morning in the nation’s capital, Catholic and political leaders from
around the U.S. gathered for the annual National Catholic Prayer
Breakfast. For his part, President George Bush praised the Catholic
Church for its voice in the national immigration debate and called for
hope in a time of national and international tension.
President Bush quipped about what an honor it was that the organizers of the Catholic event invited himself--a Methodist. He also added his particular thrill “to be here with the cardinals of the Church.”
He began by saying that the world needs a “hopeful moment,” at a time “when more people have a chance to claim freedom that God intended for us all.”
“It's also a time of great challenge,” he said. “Some people believe you cannot distinguish between right and wrong. The Catholic Church rejects such a pessimistic view of human nature and offers a vision of human freedom and dignity rooted in the same self-evident truths of America's founding.”
Recalling the late Pope John Paul II, Bush said that “in the last part of the 20th century, we saw the appeal of freedom in the hands of a priest from Poland.”
“When [John Paul] ascended to the chair of St. Peter, the Berlin Wall was still standing. His native Poland was occupied by a communist power. And the division of Europe looked like a permanent scar across the continent. Yet Pope John Paul told us, "Be not afraid," because he knew that an empire built on lies was ultimately destined to fail.”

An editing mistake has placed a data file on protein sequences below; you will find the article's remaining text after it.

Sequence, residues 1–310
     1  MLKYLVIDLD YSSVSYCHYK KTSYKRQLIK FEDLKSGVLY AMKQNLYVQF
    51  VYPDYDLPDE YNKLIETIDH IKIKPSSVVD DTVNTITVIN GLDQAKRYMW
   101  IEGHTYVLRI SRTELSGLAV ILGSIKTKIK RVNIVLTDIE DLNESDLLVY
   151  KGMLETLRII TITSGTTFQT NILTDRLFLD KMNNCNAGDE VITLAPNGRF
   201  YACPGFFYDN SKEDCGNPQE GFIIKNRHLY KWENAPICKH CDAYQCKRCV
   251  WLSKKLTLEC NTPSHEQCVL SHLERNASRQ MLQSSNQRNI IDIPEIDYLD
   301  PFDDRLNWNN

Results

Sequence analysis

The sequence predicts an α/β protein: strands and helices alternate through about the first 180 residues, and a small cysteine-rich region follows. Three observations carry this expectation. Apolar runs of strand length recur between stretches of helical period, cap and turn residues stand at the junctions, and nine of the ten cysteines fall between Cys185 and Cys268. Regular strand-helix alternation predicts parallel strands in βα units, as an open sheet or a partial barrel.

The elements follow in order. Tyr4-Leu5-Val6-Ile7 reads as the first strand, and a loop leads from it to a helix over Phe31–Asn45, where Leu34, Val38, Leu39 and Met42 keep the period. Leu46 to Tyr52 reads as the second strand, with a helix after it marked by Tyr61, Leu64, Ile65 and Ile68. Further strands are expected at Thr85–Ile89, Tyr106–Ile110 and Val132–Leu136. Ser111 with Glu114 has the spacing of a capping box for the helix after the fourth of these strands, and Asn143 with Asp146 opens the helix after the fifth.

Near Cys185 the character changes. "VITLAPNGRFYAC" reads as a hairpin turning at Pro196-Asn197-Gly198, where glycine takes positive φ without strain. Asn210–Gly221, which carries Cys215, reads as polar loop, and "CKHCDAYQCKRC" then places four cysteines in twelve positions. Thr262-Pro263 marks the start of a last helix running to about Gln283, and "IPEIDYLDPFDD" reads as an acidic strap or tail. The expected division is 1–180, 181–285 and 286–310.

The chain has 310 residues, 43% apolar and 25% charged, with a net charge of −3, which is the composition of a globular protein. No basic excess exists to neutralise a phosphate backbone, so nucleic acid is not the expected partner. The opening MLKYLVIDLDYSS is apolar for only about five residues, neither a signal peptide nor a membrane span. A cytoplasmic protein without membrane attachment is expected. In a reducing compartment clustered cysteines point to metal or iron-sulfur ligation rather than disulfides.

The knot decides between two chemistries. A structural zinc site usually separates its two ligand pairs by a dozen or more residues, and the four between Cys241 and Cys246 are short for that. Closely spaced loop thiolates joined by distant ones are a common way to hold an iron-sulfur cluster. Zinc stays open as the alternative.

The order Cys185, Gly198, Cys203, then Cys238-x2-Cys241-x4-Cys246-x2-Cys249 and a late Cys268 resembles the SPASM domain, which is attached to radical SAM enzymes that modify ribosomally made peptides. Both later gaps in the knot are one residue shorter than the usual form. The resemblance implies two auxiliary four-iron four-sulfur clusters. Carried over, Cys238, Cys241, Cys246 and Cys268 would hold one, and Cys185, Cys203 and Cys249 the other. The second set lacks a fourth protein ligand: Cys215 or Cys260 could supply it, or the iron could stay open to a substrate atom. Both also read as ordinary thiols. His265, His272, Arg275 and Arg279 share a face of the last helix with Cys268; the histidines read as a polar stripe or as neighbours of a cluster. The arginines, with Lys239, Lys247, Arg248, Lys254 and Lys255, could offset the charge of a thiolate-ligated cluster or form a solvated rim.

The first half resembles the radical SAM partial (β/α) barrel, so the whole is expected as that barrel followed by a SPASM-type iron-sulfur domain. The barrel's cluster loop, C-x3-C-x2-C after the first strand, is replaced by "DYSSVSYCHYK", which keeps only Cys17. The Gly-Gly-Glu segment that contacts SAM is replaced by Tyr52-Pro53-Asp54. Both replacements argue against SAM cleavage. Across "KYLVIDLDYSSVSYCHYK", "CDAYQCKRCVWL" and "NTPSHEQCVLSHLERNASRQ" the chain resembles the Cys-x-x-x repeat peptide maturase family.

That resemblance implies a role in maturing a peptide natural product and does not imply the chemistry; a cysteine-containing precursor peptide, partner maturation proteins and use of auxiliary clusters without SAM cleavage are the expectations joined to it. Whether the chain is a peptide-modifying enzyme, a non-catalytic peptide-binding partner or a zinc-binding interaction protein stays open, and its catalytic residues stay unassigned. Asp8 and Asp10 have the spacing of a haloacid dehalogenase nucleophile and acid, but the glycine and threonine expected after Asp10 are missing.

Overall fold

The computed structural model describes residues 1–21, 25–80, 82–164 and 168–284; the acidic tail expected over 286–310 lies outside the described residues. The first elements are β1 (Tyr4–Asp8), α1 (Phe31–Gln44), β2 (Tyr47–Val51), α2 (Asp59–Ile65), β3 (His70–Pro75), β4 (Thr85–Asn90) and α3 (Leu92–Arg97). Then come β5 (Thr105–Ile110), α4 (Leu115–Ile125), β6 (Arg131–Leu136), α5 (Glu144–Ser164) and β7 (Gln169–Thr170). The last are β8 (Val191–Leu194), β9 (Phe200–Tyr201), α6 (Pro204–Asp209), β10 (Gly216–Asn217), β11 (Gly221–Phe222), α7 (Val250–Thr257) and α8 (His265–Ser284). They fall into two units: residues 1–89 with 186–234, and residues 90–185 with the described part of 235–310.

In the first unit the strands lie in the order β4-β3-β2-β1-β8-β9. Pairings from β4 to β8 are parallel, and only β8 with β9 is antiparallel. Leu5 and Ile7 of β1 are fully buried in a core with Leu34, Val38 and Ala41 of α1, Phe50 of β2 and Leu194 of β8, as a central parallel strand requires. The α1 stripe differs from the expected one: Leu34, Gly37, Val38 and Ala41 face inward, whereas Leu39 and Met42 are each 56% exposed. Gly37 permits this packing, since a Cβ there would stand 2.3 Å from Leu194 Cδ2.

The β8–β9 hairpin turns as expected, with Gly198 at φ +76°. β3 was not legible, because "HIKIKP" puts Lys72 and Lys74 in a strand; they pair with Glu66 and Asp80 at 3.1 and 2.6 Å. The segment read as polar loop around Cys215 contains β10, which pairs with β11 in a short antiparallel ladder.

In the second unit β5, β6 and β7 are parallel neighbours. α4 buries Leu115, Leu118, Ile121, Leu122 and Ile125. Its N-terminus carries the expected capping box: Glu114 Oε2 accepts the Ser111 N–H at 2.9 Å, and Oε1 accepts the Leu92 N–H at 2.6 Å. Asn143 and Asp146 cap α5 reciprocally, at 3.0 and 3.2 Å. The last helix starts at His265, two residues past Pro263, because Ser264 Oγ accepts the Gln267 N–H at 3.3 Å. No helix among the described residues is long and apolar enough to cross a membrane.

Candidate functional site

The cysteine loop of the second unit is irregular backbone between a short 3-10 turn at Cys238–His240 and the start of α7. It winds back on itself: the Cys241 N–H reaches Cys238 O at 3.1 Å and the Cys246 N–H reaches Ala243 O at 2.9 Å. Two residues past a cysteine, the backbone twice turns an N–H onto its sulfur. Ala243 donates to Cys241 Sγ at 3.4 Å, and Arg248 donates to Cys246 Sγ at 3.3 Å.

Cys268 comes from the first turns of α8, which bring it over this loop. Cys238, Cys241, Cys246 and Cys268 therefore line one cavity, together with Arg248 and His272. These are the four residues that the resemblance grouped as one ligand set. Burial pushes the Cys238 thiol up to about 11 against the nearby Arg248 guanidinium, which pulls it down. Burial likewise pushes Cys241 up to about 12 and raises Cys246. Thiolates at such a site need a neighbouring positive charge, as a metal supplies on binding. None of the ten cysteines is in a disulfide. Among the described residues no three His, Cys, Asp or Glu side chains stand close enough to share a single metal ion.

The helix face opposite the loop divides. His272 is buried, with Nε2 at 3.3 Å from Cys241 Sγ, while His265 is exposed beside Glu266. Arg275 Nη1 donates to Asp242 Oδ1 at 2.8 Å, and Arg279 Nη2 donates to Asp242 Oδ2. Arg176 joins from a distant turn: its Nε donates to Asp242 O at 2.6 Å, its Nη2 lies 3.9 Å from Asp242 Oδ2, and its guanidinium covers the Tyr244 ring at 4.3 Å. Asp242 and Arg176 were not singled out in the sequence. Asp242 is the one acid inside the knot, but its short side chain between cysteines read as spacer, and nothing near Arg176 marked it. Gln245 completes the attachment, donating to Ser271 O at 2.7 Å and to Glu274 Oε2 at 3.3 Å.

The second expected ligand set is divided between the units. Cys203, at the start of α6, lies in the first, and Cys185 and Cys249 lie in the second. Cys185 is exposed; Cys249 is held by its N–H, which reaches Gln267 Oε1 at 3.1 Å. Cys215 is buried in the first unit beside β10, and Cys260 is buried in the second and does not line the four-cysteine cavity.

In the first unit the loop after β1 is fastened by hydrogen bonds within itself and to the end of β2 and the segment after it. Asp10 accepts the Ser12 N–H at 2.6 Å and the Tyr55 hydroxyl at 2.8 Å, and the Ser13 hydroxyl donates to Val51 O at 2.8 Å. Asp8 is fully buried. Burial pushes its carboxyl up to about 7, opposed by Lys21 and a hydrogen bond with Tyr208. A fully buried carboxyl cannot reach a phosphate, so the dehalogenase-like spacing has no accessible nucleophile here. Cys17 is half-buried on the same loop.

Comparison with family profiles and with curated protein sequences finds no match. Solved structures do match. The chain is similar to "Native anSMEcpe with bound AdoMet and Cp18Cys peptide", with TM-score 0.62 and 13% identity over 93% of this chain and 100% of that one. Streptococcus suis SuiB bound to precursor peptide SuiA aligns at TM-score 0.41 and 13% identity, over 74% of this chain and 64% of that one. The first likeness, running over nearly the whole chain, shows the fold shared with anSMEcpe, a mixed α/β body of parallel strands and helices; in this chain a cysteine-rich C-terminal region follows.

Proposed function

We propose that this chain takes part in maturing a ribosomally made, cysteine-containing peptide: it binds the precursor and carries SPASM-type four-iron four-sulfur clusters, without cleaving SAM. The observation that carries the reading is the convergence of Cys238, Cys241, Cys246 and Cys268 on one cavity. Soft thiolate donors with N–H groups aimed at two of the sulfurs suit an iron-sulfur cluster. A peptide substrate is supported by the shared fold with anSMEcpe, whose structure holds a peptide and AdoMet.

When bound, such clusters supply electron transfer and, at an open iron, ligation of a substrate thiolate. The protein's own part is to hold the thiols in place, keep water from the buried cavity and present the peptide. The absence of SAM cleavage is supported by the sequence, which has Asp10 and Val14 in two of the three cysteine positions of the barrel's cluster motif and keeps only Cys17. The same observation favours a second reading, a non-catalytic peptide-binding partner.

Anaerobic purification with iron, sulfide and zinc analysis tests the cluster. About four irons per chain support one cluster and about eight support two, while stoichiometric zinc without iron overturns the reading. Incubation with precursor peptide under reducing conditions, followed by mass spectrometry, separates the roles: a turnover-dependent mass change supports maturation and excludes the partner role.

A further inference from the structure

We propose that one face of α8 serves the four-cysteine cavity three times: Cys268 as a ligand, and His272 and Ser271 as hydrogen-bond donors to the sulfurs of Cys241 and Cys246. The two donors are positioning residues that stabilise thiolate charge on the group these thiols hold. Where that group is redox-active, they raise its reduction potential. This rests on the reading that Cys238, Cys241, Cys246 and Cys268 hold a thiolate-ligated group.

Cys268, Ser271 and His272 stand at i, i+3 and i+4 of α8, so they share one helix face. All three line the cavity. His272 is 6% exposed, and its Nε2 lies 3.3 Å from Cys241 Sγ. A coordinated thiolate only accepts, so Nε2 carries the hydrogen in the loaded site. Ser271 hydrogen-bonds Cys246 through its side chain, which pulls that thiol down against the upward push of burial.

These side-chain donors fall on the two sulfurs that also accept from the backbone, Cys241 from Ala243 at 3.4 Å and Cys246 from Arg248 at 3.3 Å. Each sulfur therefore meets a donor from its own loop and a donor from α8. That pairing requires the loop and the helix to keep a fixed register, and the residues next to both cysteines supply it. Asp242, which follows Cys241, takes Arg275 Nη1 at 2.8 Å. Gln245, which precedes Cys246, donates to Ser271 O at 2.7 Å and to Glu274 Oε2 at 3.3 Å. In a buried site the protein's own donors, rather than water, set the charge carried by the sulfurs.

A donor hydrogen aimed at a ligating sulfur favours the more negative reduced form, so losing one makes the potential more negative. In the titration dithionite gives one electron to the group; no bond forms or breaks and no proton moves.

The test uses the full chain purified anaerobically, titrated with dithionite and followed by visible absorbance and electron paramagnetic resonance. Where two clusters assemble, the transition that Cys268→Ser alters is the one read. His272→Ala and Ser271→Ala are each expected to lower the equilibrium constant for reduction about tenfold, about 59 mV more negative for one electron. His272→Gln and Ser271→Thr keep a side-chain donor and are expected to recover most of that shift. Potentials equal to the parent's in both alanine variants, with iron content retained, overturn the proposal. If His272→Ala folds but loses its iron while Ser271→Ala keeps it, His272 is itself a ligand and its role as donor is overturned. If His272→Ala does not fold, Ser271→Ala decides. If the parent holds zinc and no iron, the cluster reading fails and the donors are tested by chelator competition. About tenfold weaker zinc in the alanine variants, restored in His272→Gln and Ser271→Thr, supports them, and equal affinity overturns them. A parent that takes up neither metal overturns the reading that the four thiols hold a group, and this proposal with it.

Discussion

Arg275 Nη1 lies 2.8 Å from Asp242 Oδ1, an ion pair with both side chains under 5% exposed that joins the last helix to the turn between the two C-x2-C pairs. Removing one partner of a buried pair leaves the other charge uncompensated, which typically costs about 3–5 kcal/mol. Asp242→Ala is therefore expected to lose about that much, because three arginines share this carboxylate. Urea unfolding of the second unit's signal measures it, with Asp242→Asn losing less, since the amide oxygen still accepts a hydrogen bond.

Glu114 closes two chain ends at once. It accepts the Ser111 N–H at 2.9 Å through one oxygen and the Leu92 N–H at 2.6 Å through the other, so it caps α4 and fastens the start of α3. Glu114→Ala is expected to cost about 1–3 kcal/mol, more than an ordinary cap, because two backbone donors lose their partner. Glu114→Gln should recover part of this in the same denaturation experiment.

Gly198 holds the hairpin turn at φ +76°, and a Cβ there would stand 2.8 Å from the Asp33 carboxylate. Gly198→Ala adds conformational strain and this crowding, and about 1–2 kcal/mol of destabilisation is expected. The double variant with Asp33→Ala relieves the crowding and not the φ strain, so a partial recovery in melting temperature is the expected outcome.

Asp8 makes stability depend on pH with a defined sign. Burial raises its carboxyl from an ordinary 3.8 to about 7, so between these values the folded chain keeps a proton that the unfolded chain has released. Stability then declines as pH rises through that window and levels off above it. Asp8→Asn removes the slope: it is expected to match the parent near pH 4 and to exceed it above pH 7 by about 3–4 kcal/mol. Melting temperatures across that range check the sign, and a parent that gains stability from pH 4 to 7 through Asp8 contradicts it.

He went on to say that “By reminding us that our freedom and dignity rests on truths about man and his nature, Pope John Paul II set off one of the greatest revolutions for freedom the world has ever known.”
The president also talked spoke about John Paul’s predecessor, Pope Benedict XVI, who he said “understands that the measure of a free society is how it treats the weakest and most vulnerable among us. In his Christmas homily, the Pope noted that the Savior came to earth as a ‘defenseless child,’ and said that the splendor of that Christmas shines upon every child, born and unborn.”
In this light, he called for a strengthening of a “culture of life”, a term coined by John Paul II, saying that “we will continue to work for the day when every child is welcome in life and protected in law.”
San Antonio’s Archbishop Jose Gomez greeted the president and congratulated him for his efforts in developing an immigration legislation that simultaneously strives to protect the U.S.’s borders and extend compassion to immigrants.
On this, the president praised the role of Catholic organizations in “welcoming newcomers and helping them to become good citizens.”
Calling for more civil discussion on the immigration debate, Bush said that “an immigration system that forces people into the shadows of our society, or leaves them prey to criminals is a system that needs to be changed.
He expressed his confidence “that we can change our immigration system in ways that secures our border, respects the rule of law, and, as importantly, upholds the decency of our country. As the Congress continues this debate, its members must remember we are a nation of immigrants. And immigration has helped restore our soul on a regular basis.”
1,700 people attended the prayer breakfast, including some 20 congressmen, 3 senators, and two Secretaries of the current administration.
In addition, Archbishop Pietro Sambi, the new Apostolic Nuncio to the U.S. was on hand bearing personal greetings of Pope Benedict XVI.
Madison’s Bishop Robert C. Morlino gave the keynote address, speaking about how Catholics have to respond to the dictatorship of relativism created by, among other things by the complete manipulation of language.